Paranormal Activity

Film
4 out of 5 stars
‘The fear of what happens at night while you are asleep,’ director Oren Peli has observed, ‘is a primal one that everyone has in common.’ It’s this feeling of vulnerability that Peli’s slow-burning supernatural chiller so effectively exploits, fashioning heart-stopping scares out of almost nothing. Shown without opening or closing credits, the images are presented as ‘found’ video footage recorded inside the San Diego suburban home of day trader Micah (Micah Sloat) and his graduate student girlfriend Katie (Katie Featherston), whose sleep is disturbed by those bumps, scratches and creaks that tease your peripheral hearing when you’re half asleep. The crucial difference is that what was once unknowable is now visible, thanks to a ‘night vision’ video camera set up in the couple’s bedroom.

It’s Micah who bought the video camera, and it is he who obsessively pores over hours of footage, searching for black-and-white evidence that the house is haunted. What the camera coldly observes is disturbing but far from conclusive: a shadow falls across the open bedroom door; a sheet billows as if something is trying to slip beneath it; sleepwalking Katie climbs out of the bed and stands beside it, vibrating slightly on the spot. Despite this, we empathise totally with Katie’s powerlessness and fear. We want to shout ‘Wake up!’, but we know she won’t hear us. Micah, by contrast, is oblivious to Katie’s deteriorating mental state and to the unravelling of their friendly, relaxed relationship. During a visit by an oddball psychic, Katie and Micah were told that the demon – if that is what it is – will feed off any emotional discord, a warning that now seems to be coming true.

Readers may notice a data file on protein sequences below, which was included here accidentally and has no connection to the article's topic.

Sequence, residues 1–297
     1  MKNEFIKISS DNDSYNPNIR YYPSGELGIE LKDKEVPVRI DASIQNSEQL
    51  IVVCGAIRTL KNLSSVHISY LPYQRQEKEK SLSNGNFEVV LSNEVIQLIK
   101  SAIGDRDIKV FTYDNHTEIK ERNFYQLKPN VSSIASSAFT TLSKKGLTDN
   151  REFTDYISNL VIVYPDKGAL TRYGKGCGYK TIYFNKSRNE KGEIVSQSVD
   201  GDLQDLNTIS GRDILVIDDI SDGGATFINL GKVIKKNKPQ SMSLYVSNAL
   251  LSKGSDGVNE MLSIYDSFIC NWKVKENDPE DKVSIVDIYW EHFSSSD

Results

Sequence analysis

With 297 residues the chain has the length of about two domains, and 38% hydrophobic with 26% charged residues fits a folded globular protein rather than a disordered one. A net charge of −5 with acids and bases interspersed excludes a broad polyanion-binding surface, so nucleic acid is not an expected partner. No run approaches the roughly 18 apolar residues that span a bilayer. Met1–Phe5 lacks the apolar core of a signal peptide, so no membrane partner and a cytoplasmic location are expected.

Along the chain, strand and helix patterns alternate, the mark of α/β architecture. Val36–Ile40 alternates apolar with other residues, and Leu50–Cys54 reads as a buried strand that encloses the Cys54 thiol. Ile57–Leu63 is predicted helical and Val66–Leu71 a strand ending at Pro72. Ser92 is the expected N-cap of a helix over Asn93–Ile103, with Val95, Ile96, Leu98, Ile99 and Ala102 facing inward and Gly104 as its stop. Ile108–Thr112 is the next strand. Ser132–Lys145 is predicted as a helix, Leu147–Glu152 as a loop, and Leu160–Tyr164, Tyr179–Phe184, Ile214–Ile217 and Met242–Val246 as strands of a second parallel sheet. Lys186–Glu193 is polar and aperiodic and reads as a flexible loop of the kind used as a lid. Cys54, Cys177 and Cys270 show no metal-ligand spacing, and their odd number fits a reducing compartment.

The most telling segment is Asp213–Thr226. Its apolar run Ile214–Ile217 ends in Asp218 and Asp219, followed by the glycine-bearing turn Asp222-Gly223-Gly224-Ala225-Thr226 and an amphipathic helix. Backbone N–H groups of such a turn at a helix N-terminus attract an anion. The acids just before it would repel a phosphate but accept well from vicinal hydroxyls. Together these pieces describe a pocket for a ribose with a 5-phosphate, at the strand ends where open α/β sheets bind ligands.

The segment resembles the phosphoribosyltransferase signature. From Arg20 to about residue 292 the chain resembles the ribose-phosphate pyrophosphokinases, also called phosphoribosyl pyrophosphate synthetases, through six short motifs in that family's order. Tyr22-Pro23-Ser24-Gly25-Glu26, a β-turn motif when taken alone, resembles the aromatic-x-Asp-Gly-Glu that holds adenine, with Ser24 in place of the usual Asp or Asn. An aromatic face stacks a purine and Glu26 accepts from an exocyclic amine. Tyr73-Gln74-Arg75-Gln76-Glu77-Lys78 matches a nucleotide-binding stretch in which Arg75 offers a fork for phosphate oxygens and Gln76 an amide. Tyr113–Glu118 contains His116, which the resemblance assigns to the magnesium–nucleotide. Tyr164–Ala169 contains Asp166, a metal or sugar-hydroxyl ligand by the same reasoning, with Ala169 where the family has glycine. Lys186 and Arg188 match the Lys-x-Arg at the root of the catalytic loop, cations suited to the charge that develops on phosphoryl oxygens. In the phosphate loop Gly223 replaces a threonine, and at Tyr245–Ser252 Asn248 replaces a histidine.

In the ten years since the success of ‘The Blair Witch Project’, dozens of horror movies have tried and failed to emulate its surprise success. So what is it that made ‘Paranormal Activity’, a $15,000 debut feature shot in a week by a computer-games programmer, into a $100 million box-office phenomenon? Well, leaving aside Paramount’s brilliant viral marketing campaign, pretty much everything.

Firstly, as Peli acknowledges, actors Micah Sloat and Katie Featherston are not merely improvising their characters, they’re telling the story; as individuals and as a couple, they are both utterly natural and convincing. Secondly, Peli’s familiarity with technology allows him to make imaginative, compelling use of it, achieving maximum effect with minimum resources. Even when the camera is locked on to the tripod, showing only a static shot of the bedroom, its open door and the corridor beyond, the quivering tension is maintained, our eyes combing the shadows and the edges of the frame in search of anything out of the ordinary. Thirdly, Peli makes brilliant use of sound effects, sometimes forcing us to imagine entire scenes that take place off-screen. See it if you dare – sleepless nights await.

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